Yeah. Because like I said, one of my friends went to Kansas. So I saw him. There was a couple of guys I met that, funnily enough, were in the Missouri River. So they were at Whiteman. And they were telling me about Wyoming in Missouri and all this stuff. So I saw those guys a couple of times. There's one dude who is like my roommate, and one of my friends. I haven't seen him since tech school. I've got him on Facebook. But yeah, it's just, it's just wild to think that I haven't seen him in 11 years, but even like, some guys in basic training, was like, Yeah, we're gonna meet up and we're gonna do this, do that. And I haven't seen him in like, 11 years, and you're like, wow, I don't know what this dude looks like anymore. So yeah, you know, as far as keeping in contact with them on social media. Yeah, yes. But as far as seeing them face to face, and a lot of them because people go everywhere, don't. We're just we're all over the place. One, this dude that I haven't seen since he was like, one of my closest friends. In basic training. He was his first base was Guam. So I ain't gonna go to Guam.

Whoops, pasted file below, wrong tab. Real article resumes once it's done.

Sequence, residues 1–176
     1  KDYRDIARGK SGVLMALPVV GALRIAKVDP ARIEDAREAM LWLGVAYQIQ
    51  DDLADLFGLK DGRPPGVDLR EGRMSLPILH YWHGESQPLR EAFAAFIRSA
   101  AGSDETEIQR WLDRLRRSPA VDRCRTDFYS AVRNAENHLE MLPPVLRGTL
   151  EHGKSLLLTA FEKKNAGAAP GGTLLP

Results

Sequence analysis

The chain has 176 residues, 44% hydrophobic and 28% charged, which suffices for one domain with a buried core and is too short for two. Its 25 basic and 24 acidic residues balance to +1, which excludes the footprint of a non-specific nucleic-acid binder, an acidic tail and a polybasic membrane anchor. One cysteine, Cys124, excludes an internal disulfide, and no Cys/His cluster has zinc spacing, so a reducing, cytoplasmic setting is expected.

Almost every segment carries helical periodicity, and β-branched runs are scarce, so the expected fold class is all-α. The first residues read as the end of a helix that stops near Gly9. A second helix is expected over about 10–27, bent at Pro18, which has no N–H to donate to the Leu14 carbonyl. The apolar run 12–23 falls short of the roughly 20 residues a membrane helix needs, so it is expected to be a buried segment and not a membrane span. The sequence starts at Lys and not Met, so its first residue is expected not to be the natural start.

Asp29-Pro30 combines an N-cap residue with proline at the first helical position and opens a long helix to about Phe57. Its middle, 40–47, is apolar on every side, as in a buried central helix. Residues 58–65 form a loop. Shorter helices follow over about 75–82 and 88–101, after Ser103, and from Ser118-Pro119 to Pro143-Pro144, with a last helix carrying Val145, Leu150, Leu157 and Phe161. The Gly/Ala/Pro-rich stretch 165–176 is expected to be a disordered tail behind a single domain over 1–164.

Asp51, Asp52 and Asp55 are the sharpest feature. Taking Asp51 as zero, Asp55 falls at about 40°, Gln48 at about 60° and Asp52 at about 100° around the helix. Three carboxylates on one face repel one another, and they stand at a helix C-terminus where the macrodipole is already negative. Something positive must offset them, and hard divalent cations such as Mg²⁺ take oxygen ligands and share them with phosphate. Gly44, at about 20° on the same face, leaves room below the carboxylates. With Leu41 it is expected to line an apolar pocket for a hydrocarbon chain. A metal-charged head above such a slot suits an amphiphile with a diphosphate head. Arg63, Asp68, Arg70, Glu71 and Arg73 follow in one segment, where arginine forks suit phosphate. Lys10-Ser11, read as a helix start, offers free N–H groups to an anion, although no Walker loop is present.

Unknown Speaker 13:43
It's not your first, you know? Yeah. stanked is the flat cross. So yeah, okay.

Unknown Speaker 13:50
Let me tell you about something that you'll always hear wherever you go in the Air Force, or at least you're definitely here, if it's a place that notoriously has a bad reputation, like Canada, New Mexico, or my not in North Dakota. And that is this assignment is what you make of it. And that's something that I certainly heard when I went to Missouri because you know, people call it misery and things of that nature. And even when I got there, you could feel that people just weren't happy. And there was just a lot of people who were down there and things like that. And, you know, in this next, this next little clip, I talked to Eric about, you know, assignments, and they are what you make of them pretty much and that's, like I said, that's just a motto that you hear constantly throughout the Air Force, but not even necessarily with the bad places. I mean, he says in here that even places like Hawaii, people dislike and it really is just whatever you're into, but yeah, assignments are what you make of them. So here's myself and Eric talking about that.